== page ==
BMW E30 M3. The DTM Dream

Three-and-a-half years of work and no expense spared – one man’s ultimate BMW E30 M3 is almost completed.

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What was your dream car as a kid? For Jon Simmonds, it was the original BMW E30 M3. An instant classic since the moment it was born from motorsport in 1986, it was the road going version of an iconic racing car and spawned a heritage of BMW M cars that continue to this day.

Jon – the owner of Motorsport Wheels in Dubai – was a teenager when they first appeared, and he lusted after one. Now, almost 30 years since the M3 was first released, Jon has his own. And he’s spent the last three-and-a-half years making it into the single finest E30 we’ve ever seen – a no-expense spared labour of love that’s produced a racing M3 of the finest calibre.

For Jon, this was a money-no-object exercise in making the best racing E30 M3 he could do. There was no set target on when it had to be finished by – each stage was done meticulously, time taken to ensure procurement of the best possible parts and the best solutions to any issues. When we meet, he’s sorting out the final little niggles in the fuel system before the car takes its first shakedown test.

The story of Jon’s M3 goes back to 1986, when it was part of the first production run of E30s. At some point in the car’s life it ended up in Japan, where it was bought and shipped to the UAE. And that’s when Jon found it. It was unmodified and uncrushed, and in pretty good shape, save for some rust in the footwells.


That was then, and this is now. After three-and-a-half years of work, the M3 sits before us, sparkling in white paint, with a bare wide-weave carbon roof and the cleanest of clean components. Jon has built the car with the expert help of his friend (and employee) Robert Kover, with virtually all the work taking place at MSW’s Dubai facility. Now it’s almost ready to turn a wheel for the first time, and Jon reflects on the journey so far.

“I wanted something to be proud of,” he says. “I had an idea of what I wanted it to look like. With Robert here, and the car, and my vision, I felt we would be foolish to cut corners and end up with something that I knew we could have bettered.”

Although many parts of Jon’s M3 are new, they were all fitted with the character of the original car in mind. The 2.3-litre S14 engine, for now at least, is largely stock, pushing out around 200bhp, but it sports a racing flywheel and is attached to a six-speed sequential Quaife gearbox with a Tilton two-plate racing clutch, Tilton race bearing mounted in the original BMW bell housing. The BMW prop shaft has been shortened to cope with the longer-than-standard transmission, and it leads to a Quaife limited-slip differential. The wheel hubs are original DTM items from the early 1990s, bought online, and upon them sit BBS centre-lock wheels and AP Racing brakes. The hub mountings are custom made, as are a large amount of other parts on the car, machined to Robert’s drawings.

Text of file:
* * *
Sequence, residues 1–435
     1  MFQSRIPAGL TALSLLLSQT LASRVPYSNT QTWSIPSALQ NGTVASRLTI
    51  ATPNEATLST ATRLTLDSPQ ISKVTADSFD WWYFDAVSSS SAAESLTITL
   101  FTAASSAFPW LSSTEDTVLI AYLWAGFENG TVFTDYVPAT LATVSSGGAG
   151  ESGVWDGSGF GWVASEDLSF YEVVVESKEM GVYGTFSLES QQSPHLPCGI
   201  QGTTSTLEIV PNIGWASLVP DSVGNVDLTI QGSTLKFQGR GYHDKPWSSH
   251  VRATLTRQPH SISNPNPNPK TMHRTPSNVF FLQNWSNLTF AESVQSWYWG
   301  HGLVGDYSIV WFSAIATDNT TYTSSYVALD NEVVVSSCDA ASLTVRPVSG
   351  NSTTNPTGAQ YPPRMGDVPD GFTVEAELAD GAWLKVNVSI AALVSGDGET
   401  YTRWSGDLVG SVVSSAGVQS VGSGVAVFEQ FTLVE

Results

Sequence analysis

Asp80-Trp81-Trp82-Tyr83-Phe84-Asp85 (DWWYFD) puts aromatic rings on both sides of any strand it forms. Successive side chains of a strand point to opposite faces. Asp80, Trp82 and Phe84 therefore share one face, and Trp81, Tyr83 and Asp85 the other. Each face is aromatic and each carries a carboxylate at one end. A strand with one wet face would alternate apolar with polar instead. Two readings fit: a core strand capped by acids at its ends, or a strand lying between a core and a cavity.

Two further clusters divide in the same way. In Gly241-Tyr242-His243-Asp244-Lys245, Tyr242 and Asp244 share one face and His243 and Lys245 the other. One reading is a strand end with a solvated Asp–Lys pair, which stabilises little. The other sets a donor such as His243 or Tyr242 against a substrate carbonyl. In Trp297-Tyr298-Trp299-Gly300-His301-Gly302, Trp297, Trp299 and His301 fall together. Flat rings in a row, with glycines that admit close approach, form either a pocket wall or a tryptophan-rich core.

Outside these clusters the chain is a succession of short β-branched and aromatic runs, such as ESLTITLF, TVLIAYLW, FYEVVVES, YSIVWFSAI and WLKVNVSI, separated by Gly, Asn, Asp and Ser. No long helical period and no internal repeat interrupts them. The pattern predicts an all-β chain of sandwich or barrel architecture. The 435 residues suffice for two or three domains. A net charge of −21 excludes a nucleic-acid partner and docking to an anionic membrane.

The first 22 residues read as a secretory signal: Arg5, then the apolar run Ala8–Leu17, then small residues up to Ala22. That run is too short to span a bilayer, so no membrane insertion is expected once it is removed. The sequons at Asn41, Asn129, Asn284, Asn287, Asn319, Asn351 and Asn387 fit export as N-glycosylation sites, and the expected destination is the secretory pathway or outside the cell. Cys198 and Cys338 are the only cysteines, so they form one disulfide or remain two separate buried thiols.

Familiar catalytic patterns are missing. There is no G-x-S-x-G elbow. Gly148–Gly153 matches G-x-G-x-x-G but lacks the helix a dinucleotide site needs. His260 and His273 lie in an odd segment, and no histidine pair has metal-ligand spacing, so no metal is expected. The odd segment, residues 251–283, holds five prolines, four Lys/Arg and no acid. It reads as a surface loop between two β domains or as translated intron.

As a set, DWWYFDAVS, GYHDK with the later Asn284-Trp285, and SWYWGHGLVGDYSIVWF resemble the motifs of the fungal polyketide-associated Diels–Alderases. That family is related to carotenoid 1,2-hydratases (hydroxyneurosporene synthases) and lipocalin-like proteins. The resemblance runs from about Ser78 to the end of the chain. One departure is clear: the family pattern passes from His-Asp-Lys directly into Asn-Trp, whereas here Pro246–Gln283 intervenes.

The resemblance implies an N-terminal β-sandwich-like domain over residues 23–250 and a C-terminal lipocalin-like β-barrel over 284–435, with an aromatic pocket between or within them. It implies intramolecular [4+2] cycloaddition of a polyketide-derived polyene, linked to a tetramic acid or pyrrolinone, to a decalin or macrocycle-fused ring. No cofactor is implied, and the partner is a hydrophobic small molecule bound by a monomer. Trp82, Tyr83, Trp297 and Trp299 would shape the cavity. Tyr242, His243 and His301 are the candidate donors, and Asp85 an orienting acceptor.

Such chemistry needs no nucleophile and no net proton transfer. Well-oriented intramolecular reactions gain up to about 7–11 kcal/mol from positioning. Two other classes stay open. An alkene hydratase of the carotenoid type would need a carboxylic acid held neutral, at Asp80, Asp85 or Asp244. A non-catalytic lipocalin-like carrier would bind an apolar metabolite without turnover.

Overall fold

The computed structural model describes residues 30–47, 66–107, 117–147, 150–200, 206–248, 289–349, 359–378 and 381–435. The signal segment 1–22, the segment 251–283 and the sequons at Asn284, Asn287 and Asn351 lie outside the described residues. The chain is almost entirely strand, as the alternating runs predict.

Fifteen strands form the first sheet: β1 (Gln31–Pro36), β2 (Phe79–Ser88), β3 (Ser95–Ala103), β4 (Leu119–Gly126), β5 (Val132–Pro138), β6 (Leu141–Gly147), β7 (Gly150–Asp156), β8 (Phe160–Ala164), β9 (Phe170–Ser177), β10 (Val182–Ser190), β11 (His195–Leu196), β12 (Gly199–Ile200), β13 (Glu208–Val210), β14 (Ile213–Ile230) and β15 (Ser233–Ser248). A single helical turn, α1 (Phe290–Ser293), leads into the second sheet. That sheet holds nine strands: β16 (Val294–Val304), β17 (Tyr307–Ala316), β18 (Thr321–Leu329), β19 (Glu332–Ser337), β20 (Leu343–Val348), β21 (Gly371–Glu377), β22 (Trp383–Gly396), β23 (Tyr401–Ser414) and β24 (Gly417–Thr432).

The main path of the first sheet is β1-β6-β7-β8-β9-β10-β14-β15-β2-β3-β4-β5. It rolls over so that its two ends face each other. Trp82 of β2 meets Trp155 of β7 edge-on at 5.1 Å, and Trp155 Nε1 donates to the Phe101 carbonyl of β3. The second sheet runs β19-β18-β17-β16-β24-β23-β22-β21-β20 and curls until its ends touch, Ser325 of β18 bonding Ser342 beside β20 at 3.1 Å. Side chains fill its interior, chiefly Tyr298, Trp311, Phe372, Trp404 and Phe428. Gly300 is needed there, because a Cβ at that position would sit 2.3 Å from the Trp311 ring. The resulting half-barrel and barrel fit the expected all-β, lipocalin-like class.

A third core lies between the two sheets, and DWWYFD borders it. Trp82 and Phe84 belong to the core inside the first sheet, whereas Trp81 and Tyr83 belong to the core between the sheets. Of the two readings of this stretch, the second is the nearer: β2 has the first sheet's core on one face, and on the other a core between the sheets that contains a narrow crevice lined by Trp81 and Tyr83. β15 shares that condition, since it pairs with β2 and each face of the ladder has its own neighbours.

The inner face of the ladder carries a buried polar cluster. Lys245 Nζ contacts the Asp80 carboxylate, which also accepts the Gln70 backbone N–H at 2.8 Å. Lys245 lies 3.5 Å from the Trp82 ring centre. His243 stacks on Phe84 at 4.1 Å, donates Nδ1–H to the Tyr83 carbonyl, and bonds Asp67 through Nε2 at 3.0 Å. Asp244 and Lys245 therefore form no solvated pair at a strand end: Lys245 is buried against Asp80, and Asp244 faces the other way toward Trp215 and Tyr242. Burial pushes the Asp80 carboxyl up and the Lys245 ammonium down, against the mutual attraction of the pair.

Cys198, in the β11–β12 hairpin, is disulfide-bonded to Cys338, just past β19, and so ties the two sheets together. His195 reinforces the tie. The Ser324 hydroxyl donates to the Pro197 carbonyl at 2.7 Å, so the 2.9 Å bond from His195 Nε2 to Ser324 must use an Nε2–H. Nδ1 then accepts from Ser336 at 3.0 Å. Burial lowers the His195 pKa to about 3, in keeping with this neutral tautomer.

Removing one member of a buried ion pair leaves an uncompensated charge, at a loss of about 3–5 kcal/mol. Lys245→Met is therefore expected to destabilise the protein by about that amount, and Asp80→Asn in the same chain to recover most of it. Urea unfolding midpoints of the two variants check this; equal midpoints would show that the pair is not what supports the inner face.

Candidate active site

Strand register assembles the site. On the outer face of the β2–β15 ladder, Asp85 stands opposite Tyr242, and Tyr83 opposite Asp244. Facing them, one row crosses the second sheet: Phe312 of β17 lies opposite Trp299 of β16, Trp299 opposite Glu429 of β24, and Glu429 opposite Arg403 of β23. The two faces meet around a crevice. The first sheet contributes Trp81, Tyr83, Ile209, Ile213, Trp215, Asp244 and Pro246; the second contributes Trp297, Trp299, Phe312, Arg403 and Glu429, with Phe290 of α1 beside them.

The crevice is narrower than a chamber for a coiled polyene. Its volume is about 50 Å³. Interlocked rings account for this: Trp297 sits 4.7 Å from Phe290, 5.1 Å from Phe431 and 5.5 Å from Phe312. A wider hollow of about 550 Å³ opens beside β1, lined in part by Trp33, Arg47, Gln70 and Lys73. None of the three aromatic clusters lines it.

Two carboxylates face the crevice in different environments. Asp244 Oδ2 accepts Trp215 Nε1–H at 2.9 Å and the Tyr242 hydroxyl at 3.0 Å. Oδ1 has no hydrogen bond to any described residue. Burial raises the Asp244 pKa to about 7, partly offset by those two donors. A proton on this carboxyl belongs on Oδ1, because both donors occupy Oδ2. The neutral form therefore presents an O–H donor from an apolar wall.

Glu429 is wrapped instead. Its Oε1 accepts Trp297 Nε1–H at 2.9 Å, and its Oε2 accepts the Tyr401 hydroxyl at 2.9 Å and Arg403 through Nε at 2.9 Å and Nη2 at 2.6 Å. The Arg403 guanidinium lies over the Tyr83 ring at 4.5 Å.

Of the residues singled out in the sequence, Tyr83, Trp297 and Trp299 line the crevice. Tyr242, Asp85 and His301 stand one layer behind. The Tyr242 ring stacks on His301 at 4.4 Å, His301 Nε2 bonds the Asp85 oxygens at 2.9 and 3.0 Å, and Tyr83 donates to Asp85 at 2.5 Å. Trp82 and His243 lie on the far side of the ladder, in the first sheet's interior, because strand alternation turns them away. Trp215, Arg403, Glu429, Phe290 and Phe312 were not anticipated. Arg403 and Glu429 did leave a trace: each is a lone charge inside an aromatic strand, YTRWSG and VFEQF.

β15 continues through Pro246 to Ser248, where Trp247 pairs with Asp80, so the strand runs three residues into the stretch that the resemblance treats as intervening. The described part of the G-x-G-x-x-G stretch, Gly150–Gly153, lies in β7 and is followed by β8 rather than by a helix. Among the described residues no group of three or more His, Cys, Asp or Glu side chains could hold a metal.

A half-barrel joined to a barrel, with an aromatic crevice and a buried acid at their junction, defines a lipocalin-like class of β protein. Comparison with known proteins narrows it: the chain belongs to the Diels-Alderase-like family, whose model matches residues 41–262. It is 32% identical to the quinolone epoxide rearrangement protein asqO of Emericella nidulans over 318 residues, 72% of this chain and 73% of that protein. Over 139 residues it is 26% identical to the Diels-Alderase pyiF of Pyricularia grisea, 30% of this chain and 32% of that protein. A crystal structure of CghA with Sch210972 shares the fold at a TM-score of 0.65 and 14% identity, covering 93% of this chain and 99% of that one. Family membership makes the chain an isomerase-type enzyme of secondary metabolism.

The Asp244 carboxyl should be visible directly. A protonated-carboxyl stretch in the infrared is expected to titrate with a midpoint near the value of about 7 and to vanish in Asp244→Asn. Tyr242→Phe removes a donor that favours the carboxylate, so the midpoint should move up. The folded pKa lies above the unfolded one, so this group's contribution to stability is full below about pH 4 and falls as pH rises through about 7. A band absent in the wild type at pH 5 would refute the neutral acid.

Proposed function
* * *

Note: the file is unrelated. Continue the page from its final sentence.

“In terms of engineering jobs we’ve done about 50 different engineering jobs, maybe more,” Jon says. “The top mounts were changed, the bracket for the coil packs was machined and fabricated here. All the little bushes, the radiator, the catch tank; if we thought we could do something better than we could buy off the shelf, we’d make it. You could buy a swirl pot for a couple of hundred dollars, but we wanted ours to have a certain capacity and be mounted in a certain place, so this one has been fabricated by Robert.”


The suspension control arms and track rods have all been designed to Group A spec, but machined in-house, while the race-spec springs and dampers are custom-designed for this car by H&R – these were the only bits that Jon didn’t pay for, as he distributes H&R products in the Middle East and the firm donated them for free.

The engine might be relatively unchanged, but the engine management system is state of the art – a MoTeC M800 system that will eventually control a new engine, currently being built in Germany.